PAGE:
The Cambridge History of English and American Literature in 18 Volumes (1907–21).
VOLUME XVI. Early National Literature, Part II; Later National Literature, Part I.


§ 5. The Biglow Papers

It was perhaps this spirit of reform which Lowell had sought to express in his Prometheus and which he had in mind when in another letter to Briggs he declares “I am the first who has endeavoured to express the American Idea, and I shall be popular by and by.” Popularity came first, however, when fervour was linked with wit and humour in The Biglow Papers with their racy Yankee dialect and their burning zeal against the aggressiveness of the slave-holding South.

The art of these verses has no resemblance to the art of Keats, and their gospel of reform is not a glorious song of consolation; but their rapid fire of wit and common sense was perhaps a better expression of Lowell’s temperament than any of his more studied measures. Certainly no poems have ever more distinctly revealed the New England temper. When collected they were imbedded in a paraphernalia of apparatus in which the wit is often laboured, and some of them are no more than clever journalism; but the best have become a lasting part of our popular literature. If this is due in part to their vernacular homeliness, and in part to their wit, it is also due to the moral fire of their democracy. As Horace Scudder insisted, there is a connection between them and another popular success of a different kind, The Vision of Sir Launfal. There “it is the holy zeal which attacks slavery issuing in this fable of a beautiful charity.”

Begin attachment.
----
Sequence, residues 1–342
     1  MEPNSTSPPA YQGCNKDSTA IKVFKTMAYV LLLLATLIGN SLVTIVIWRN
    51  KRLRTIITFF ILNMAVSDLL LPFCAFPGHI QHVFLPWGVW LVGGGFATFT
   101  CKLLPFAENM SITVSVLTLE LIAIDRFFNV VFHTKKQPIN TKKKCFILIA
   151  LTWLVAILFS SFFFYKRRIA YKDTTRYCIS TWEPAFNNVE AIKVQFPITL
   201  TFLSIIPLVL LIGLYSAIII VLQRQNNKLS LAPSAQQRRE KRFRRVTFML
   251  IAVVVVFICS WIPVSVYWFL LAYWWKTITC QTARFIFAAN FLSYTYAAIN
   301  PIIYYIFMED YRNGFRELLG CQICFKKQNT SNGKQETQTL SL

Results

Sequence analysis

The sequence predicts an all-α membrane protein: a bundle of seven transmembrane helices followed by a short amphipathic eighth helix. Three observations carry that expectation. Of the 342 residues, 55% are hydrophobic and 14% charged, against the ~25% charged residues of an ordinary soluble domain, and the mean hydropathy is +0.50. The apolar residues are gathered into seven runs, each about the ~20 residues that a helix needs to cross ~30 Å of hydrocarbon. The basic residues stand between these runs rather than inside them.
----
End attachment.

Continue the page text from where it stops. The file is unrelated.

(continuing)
In 1850 Lowell wrote to Briggs:

  • I begin to feel that I must enter a new year of apprenticeship. My poems have thus far had a regular and natural sequence. First, Love and the mere happiness of existence beginning to be conscious of itself, then Freedom—both being the sides which Beauty presented to me—and now I am going to try more after Beauty herself. Next, if I live, I shall present Life as I have seen it.
  • But, as often, Life proved a jealous mistress who would not yield the field to Beauty. Change and bereavement followed, and his professorship and editorship gave little incentive for verse. The moral exaltation which had seemed the promise of America found itself involved with all the turmoil of emotions that accompany terrific war. For these, Hosea’s dialect was scarcely an adequate vehicle of expression, and the second series of Biglow Papers, if not inferior in skill, somehow lacks the entire sufficiency of the first; even when, as in the tenth paper, both the pathos and valour of the great conflict sound through the verse. The passions that the war aroused were too overpowering for poetry except the brief expression of dominant feeling, as in the fine stanza written in October, 1861.
  • God, give us peace! not such as lulls to sleep,
  • But sword on thigh, and brow with purpose knit!
  • And let our Ship of State to harbor sweep,
  • Her ports all up, her battle-lanterns lit,
  • And her leashed thunders gathering for their leap!